Positive Early-Stage Data
Despite pharma’s defection from the space, small companies developing siRNA drug molecules are beginning to see glimmers of success, and business deals continue to go forward. As Pfizer left the space in 2010, Marina Biotech announced a product-specific development deal with Debiopharm.
The agreement covers a preclinical-stage bladder cancer program based on the topical delivery of LNP-siRNs. Marina will perform the early development work, funded by Debiopharm, and has the potential to earn milestone-based fees and royalties.
At the 2011 ASCO meeting, Silence Therapeutics reported positive data from its ongoing Phase I study of Atu027 in patients with advanced solid tumors. It is a liposomal siRNA formulation targeting PKN3, which is reportedly a key regulator of angiogenesis and lymphangiogenesis as well as metastasis and motility during pathological processes.
Data showed that nine of the 24 patients treated with the molecule achieved stable disease after repeated treatment. Six of these cases were confirmed at study end (three months after treatment initiation), and three other patients are continuing to receive treatment.
At the same meeting Alnylam reported results from a Phase I trial with its ALN-VSP, a systemically delivered RNAi therapeutic for the treatment of advanced solid tumors with liver involvement. Data showed that ALN-VSP was generally well tolerated, demonstrated evidence for anti-tumor activity, and was found to mediate RNAi activity in both hepatic and extra-hepatic tumors. The study demonstrated evidence of antitumor activity in heavily pretreated patients at doses of 0.7 mg/kg. Disease stabilization occurred in 64% (7 of 11) of patients who received the recommended Phase II dose of 1 mg/kg.
ALN-VSP comprises two siRNAs designed to target two genes required for the growth and development of cancer cells: vascular endothelial growth factor (VEGF) and kinesin spindle protein (KSP), also known as eglin 5 (Eg5). The siRNA drug is formulated using a first-generation lipid nanoparticle developed by Tekmira Pharmaceuticals, Alnylam’s manufacturing partner for LNPs for RNAi drug delivery.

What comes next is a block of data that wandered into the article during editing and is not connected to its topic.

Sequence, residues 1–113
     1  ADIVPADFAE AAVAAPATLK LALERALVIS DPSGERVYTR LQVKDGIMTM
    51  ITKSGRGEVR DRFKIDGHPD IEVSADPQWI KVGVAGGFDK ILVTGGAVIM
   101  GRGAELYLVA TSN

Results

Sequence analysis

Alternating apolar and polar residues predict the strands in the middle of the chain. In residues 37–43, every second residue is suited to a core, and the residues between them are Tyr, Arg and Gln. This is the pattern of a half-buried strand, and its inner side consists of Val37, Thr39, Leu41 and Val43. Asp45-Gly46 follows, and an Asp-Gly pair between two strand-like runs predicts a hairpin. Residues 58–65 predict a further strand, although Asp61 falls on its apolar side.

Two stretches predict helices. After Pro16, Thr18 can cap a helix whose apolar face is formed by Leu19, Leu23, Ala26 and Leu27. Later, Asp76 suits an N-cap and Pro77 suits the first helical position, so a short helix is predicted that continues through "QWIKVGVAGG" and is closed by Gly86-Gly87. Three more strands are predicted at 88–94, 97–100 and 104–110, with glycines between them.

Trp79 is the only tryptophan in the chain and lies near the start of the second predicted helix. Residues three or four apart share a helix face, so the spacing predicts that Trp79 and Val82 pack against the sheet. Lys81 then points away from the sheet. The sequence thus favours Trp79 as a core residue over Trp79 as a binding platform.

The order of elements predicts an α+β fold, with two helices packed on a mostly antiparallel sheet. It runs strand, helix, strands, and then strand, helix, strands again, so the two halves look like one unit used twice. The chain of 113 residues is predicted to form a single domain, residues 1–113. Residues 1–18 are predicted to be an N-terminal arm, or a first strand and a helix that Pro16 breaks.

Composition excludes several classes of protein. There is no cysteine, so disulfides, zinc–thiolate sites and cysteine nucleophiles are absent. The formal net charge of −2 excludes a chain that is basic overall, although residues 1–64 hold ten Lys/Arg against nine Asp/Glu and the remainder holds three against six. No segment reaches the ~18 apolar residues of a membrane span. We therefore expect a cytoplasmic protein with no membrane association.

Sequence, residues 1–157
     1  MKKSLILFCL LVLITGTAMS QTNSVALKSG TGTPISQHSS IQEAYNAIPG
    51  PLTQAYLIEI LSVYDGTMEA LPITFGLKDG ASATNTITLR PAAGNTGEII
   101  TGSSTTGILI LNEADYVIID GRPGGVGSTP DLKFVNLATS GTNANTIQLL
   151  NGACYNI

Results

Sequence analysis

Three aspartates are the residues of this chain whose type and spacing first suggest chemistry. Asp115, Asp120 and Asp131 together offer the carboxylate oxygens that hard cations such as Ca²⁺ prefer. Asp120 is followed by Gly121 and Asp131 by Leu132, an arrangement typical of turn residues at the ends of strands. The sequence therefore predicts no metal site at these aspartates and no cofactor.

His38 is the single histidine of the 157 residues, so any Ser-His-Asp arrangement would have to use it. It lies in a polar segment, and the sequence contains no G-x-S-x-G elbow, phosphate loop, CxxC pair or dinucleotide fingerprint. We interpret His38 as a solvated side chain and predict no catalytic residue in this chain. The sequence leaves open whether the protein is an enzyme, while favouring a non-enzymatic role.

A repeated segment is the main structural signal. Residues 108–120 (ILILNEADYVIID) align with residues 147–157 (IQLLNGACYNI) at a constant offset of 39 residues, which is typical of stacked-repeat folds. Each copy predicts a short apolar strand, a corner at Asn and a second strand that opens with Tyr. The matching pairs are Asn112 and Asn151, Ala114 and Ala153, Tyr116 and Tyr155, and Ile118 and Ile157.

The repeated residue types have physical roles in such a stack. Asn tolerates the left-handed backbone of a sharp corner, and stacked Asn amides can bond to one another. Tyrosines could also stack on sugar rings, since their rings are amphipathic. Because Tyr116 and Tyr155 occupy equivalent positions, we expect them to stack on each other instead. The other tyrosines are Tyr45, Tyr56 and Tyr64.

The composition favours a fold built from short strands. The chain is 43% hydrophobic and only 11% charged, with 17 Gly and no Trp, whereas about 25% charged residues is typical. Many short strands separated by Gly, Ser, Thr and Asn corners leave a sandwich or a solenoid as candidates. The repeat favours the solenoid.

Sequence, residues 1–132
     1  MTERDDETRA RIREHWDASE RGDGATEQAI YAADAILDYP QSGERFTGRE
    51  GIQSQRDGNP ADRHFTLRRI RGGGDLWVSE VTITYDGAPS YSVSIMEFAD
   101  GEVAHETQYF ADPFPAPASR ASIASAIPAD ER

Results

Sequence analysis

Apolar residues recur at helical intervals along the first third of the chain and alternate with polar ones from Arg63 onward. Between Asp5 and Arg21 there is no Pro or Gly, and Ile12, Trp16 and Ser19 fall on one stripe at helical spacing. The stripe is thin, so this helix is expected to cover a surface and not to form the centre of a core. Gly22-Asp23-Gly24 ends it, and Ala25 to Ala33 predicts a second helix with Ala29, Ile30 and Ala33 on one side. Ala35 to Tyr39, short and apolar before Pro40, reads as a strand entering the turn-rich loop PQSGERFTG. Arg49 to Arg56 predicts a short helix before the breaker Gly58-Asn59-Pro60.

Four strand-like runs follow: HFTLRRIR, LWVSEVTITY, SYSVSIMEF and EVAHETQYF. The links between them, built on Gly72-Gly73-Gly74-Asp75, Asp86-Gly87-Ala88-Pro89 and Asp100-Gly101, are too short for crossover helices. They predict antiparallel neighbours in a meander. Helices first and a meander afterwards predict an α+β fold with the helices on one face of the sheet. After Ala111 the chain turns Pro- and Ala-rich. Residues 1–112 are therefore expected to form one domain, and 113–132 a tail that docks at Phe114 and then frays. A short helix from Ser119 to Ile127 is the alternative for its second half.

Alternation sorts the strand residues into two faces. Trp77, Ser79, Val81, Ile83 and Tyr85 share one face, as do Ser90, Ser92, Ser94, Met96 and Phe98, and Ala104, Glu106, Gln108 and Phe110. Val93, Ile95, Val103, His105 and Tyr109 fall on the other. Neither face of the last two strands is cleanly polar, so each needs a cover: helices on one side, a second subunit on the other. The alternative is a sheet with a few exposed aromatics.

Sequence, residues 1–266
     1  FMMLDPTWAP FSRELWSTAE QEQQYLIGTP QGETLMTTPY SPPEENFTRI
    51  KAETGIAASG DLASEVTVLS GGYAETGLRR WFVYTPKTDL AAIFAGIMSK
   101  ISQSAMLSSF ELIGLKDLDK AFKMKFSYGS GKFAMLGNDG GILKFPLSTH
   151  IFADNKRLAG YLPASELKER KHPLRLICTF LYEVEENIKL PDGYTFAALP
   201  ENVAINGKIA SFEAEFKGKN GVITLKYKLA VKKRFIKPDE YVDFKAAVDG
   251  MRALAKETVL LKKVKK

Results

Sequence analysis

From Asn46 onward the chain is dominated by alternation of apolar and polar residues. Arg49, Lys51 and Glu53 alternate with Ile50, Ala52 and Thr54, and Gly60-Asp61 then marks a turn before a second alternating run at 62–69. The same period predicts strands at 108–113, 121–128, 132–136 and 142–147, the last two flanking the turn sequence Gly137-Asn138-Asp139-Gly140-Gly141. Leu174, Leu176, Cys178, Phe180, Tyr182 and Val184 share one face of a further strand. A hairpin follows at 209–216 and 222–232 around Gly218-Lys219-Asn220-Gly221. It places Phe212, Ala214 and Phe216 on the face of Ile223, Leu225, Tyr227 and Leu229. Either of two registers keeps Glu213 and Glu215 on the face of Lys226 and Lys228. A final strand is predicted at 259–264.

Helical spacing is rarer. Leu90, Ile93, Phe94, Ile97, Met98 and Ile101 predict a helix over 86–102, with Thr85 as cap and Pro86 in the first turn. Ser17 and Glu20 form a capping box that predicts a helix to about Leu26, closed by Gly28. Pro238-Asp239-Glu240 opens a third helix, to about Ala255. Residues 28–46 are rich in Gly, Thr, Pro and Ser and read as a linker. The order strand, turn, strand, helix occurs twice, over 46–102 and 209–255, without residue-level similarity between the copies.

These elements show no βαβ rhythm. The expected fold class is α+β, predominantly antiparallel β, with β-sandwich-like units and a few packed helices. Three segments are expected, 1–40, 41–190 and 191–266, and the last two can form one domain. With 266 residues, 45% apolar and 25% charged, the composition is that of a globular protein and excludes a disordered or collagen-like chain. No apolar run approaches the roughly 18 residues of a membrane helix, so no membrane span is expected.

“At a high level, this was a first-in-human study in refractory cancer patients with metastatic disease, including liver involvement,” Akshay Vaishnaw, M.D., Ph.D., Alnylam’s svp of clinical research, pointed out to GEN. “The drug’s safety profile was very encouraging, but beyond safety, we got a lot of interesting mechanistic information.
“We did a series of DCE-MRI tests on the patients before and after treatment. This type of study allows visualization of blood flow through tumors. Since one of the drug components was an anti-VEGF siRNA, we wanted to monitor its effects. We found that 13 of the 28 study patients had a greater than 40 percent reduction in tumor blood flow, which is very comparable to other anti-angiogenic agents.”
Dr. Vaishnaw explained that the investigators also looked for evidence of specific mRNA cleavage in liver biopsies from patients taken before and after treatment. “We could show target mRNA cleavage in tumor biopsies that was present after but not before treatment,” he noted. “That is a very important molecular proof-of-concept for the field of RNAi therapeutics.”
Dr. Vaishnaw also commented on the lipid nanoparticles used in the drug formulation. “We have shown that LNPs provide a tractable way to achieve siRNA delivery. We think that bodes well for other areas of the platform, where we will use these particles for other siRNA applications.”
Alnylam’s drug candidate for transthyretin mediated amyloidosis, ALN-TTR01, uses the same LNP but has an siRNA directed against transthyretin. The company expects data from its Phase I study with ALN-TTR01 in the third quarter of this year. Finally, Alnylam has a Phase II-stage RNAi therapeutic called ALN-RSV01, which is being tested in lung transplant patients infected with respiratory syncytial virus.